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National Safe Sleep Day aims to protect babies


December 4, 2013

National Safe Sleep Day aims to protect babies

New Zealand’s first National Safe Sleep Day on December 6 has attracted an overwhelming community response, according toWhakawhetu, the National Māori organisation for sudden unexpected death in infancy (SUDI) prevention.

Whakawhetu has worked closely with its partner organisations TAHA and Change for Our Children, to bring this initiative to life and the organisations hope that Safe Sleep Day will become an annual event.

Director of Change for Our Children, Stephanie Cowan, believes that Safe Sleep Day can make a positive difference for our families.

“If everyone understands what safe sleep is and how to achieve it, then together we can make a real difference to reducing SUDI.”

Too many babies are dying while they sleep and many of these deaths could have been prevented. Unintentional suffocation in the place of sleep is the most common cause of death for infants under the age of 12 months. Every year 60 Kiwi families lose their babies in this way. The National Safe Sleep Day aims to turn this around.

Many babies will be saved by following the simple P.E.P.E message:

• PLACE baby in his or her own baby bed, face clear of bedding, in the same room as a caregiver

• ELIMINATE smoking in pregnancy, and protect baby with a smoke free whanau, whare and waka

• POSITION baby flat on his or her back to sleep, face up towards the heavens

• ENCOURAGE and support mum, so baby is breastfed

Teuila Percival, Director of TAHA Well Pacific Mother and Infant service understands how important these messages are for Pacific families.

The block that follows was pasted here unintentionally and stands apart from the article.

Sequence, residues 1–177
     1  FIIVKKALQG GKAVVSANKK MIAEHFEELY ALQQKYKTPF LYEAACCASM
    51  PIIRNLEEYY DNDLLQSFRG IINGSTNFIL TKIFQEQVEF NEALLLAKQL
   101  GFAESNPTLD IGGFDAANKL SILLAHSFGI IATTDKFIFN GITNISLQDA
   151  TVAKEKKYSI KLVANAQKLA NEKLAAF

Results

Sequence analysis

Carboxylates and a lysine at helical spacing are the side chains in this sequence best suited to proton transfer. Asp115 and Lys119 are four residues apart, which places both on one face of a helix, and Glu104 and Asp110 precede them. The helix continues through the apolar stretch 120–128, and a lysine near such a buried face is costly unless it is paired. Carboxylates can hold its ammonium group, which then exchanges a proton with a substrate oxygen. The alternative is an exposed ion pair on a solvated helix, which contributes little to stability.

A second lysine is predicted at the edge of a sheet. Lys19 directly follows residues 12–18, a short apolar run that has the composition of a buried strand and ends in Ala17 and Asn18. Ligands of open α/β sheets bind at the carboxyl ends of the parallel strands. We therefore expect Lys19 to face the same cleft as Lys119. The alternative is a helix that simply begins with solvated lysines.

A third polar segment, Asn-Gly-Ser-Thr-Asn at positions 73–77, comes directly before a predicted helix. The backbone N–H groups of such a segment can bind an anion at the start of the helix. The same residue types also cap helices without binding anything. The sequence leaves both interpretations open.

“As with all communities, keeping their babies safe is so important to Pacific mums. They will benefit from following the P.E.P.E messages,” she says.

Safe Sleep Day is all about encouraging local community groups to bring the safe sleep messages to their families in fun and entertaining ways. For example, the Taonga Education Centre in Clendon, Auckland will be holding a morning tea for their teen parents group, which will also be the launch of their Pēpi-Pod sleep space programme. At Enderley Park in Hamilton safe sleep messages will be a focal talking point at their Christmas in the Park event. While a number of groups from Te Tai Tokerau, Tamaki Makau rau, and Waikato are holding weaving wananga, focusing on weaving wahakura - a woven basket for baby to sleep in.

“We’ve provided free resource packs of stickers, posters and balloons across the country. But it’s the wonderful diverse ways that Safe Sleep Day is being celebrated that will make it a success. All credit goes to our fantastic communities across New Zealand who want to make a positive difference,” says Kathrine Clarke, National Director from Whakawhetu.
ends

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